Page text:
Lebanon, December 2016-January 2017


I travelled across Lebanon in December 2016 and January 2017 visiting different areas of the country: from the slum areas of Beirut, such as Sabra and Shatila, to the Syrian refugee camps, from the predominantly Kurdish to the Hezbollah quarters, up to the borders with Syria, beyond the Beqaa Valley. It was a period in which the Syrian refugees were pouring into the streets of Beirut, a fascinating city always trying to strike a balance between opposite interests of different religious, political and economic groups. From a quarter to another, this city showed stark contradictions: the businessmen and the mendicants, the Lebanese middle class and the Syrian refugees, the Palestinians and the Armenians, the Hezbollah guards and the Lebanese soldiers, the land speculation and the ruins of war. Here there are some of the most meaningful photos of that journey, which I have told on a reportage on Panorama.

On the rocks of Beirut

A couple of Lebanese people watches the sunset from the rocks of Beirut. The history of this city has always been very troubled. It was Phoenician and then it became a Roman colony. In 1110 it was conquered by the Crusaders and in 1516 by the Ottomans. Between 1975 and 1990, during the Lebanese war, it was heavily bombarded by the Israelis. The signs of the war are still visible and are at odds with the beauty of Beirut’s waterfront as well as its sunsets and skies (Credits: Luca Sciortino).

The alleys by the sea

The Mediterranean sea at the end of the alley. Many of the different cultural influences, which have made of Beirut a multifaceted city, have arrived from that sea. Sunni and Shia Muslins, Druze and Maronite Christians, Armenians of the Apostolic Church, Orthodox and Catholic Syrians, Protestants, Latine Rite Catholics and Chaldeans live together in uncertain equilibrium (Credits: Luca Sciortino)

Mosque and cathedral

The architecture of Beirut expresses the religious contrasts within the Lebanese society: the mosque of Mohammed Al-Amin is located next to the Orthodox cathedral of St. George (Credits: Luca Sciortino).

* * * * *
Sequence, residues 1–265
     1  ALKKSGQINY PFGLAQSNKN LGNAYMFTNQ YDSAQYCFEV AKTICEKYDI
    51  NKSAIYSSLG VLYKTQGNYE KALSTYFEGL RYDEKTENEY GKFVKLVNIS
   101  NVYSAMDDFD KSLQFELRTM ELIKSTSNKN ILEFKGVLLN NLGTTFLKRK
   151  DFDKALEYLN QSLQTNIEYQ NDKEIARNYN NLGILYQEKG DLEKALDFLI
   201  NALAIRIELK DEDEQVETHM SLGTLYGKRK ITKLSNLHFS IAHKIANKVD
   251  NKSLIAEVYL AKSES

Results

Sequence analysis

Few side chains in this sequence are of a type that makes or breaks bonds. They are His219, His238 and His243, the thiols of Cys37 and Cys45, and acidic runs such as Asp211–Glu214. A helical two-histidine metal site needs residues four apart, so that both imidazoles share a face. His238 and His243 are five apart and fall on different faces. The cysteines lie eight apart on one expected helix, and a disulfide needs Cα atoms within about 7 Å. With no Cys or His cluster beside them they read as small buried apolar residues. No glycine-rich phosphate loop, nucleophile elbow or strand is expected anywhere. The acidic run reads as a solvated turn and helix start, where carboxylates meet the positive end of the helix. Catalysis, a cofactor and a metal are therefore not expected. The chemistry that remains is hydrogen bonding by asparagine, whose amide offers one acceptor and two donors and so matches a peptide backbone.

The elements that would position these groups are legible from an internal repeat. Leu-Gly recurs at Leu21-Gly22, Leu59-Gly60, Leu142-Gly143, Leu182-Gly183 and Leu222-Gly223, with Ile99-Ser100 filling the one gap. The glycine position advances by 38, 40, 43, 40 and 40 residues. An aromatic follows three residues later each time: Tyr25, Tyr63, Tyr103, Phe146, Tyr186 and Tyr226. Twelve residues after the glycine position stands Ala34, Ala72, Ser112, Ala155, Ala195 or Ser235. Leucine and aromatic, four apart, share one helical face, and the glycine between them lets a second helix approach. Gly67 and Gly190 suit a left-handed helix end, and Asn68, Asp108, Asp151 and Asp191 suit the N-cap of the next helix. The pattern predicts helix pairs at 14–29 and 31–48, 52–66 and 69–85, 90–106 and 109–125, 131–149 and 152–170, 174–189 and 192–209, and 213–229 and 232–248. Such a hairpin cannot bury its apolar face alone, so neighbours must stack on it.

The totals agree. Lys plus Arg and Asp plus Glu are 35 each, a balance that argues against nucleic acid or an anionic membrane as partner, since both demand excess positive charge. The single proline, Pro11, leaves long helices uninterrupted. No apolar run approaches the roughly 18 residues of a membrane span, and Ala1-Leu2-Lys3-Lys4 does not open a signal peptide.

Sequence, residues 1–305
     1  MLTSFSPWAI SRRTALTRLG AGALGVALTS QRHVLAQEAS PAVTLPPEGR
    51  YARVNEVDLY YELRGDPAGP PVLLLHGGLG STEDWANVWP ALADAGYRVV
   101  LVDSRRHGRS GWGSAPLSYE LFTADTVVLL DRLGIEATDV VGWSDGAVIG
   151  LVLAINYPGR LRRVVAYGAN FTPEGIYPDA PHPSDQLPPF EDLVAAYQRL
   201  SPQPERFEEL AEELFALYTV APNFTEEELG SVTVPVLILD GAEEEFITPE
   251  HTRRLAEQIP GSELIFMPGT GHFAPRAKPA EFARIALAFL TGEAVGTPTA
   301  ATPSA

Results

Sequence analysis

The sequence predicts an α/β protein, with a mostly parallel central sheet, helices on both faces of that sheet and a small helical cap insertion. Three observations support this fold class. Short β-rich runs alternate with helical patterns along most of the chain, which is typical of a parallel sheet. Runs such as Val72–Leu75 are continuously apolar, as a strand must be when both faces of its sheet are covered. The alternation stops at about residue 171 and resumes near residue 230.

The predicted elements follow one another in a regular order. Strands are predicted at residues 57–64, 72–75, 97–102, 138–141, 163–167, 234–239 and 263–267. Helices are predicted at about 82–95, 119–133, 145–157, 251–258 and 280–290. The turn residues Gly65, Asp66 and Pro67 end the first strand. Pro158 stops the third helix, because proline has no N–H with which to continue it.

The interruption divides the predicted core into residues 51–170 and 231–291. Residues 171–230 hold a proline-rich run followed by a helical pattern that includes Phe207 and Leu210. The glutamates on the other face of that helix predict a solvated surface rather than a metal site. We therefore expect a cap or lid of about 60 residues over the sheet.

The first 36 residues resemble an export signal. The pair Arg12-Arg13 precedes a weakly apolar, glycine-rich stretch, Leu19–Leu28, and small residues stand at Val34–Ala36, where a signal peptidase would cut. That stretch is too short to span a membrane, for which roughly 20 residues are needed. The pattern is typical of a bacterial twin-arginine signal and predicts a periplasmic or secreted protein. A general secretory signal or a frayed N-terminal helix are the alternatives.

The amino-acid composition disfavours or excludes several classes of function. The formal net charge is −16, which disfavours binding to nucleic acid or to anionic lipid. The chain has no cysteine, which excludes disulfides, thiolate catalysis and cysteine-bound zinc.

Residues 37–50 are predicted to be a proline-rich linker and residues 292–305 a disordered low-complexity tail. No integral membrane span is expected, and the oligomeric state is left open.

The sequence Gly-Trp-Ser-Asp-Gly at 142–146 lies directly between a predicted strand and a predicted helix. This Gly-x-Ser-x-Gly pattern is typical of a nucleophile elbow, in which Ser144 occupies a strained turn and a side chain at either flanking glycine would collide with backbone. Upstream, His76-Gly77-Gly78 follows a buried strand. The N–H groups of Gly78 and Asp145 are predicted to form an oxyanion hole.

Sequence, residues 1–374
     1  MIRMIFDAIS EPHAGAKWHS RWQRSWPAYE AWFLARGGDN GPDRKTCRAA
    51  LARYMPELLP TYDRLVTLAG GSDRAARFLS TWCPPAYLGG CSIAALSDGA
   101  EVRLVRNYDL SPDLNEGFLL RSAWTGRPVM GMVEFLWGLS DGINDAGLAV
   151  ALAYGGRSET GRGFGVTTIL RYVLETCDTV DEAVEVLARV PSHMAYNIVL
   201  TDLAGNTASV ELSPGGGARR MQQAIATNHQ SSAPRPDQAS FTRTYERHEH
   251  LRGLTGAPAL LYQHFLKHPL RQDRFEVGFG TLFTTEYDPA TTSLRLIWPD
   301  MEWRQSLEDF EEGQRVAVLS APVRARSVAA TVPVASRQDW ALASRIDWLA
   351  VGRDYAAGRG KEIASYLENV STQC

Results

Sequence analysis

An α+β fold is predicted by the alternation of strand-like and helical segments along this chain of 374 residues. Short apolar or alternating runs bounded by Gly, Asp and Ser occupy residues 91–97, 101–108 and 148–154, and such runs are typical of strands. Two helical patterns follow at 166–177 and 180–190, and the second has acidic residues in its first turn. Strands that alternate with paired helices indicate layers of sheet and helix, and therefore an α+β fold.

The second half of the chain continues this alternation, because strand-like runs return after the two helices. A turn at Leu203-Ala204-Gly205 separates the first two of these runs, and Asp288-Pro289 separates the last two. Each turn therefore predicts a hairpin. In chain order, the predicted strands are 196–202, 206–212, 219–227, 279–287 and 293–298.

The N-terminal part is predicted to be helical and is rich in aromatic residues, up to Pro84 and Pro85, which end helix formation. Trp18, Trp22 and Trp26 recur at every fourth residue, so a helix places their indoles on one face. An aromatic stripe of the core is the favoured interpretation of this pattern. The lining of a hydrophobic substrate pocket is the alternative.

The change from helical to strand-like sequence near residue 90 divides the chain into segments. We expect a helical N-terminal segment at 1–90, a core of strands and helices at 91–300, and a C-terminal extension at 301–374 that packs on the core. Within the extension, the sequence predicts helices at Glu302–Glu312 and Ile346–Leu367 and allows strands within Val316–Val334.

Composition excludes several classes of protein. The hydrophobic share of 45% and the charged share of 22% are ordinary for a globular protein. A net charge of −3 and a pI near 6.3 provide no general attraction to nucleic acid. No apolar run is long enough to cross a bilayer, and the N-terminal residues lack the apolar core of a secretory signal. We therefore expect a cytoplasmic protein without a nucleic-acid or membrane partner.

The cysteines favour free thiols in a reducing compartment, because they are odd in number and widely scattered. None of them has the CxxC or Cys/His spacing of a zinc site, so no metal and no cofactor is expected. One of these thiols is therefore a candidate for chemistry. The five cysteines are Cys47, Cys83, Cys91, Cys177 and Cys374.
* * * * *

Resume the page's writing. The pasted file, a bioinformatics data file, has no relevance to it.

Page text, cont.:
In Sabra district

In the streets of Sabra district, in the Southern part of Beirut, in which the flags of Palestine Liberation Organization stand out. This street is not far away from the place in which, in 1982, Lebanese corps, with the complicity of Israel army , slaughtered 4 thousands of Palestinian civilians and Lebanese Shia Muslins (Credits: Luca Sciortino)

The shadow of Arafat

In this corner of Sabra district Palestinian fighters use to gather (two of them, who were armed, can be seen on the right side of the picture). On the wall there was a image of Yasser Arafat, who was the president of the Palestinian State (Credits: Luca Sciortino).

On the run from the war

A Syrian woman on the run from the war who had taken refuge in Sabra district. The Syrian refugees on Lebanese soil recorded by UNHCR were about one million and one hundred thousand in 2016. (Credits_ Luca Sciortino).

The many faces of Hezbollah

Hezbollah along with Amal is one of two major political parties in Lebanon that represent Shiite Muslims.[152] Unlike Amal, whose support is predominantly in the south of the country, Hezbollah maintains broad-based support in all three areas of Lebanon with a majority Shia Muslim population: in the south, in Beirut and its surrounding area, and in the northern Beqaa valley and Hirmil region. The (Credits: Luca Sciortino).

That corner of Shatila

A corner of Shatila, a Palestinian refugee camp in Beirut. I was struck by the quantity of electric cables all around. (Credits: Luca Sciortino)

Eyes to heaven

For someone who lives inside the refugee camp of Shatila to look up at the sky from time to time must be a relief. In fact, this child was waiting for someone to bring down a basket from a balcony. I find it striking the contrast between the posters, which somehow tell the troubled history of Middle East, and the glance heavenward (Credits: Luca Sciortino)

Child labour

A child who worked in the streets of Shatila. In the refugee camps the exploitation of child labour is not a rare phenomenon (Credits: Luca Sciortino).

Children life in the refugee camps

These are the alleys in which the kids of the refugees grow up. Their parents or grandfathers left Palestine after 1948. Most of them were born in the villages in the north of Palestine (Credits: Luca Sciortino).

Without wheelchair

In Shatila these disabled people were forced to crawl because they were to poor to buy a wheelchair. This is one of the many tragedies in these poor areas of Beirut (Credits: Luca Sciortino)

Uncollected waste

The living standards in Sabra and Shatila were shocking, and not only because of overcrowding, crime and lack of infrastructure, but also for the garbage heaps piled up in the streets. Waste disposal became a problem as a consequence of the closure of the landfill of Naamah (Credits: Luca Sciortino).

Hezbollah meeting point

This was one of the many meeting points of Hezbollah. Anyone could get a coffee and have a chat (Credits: Luca Sciortino)

From Palestine to Beirut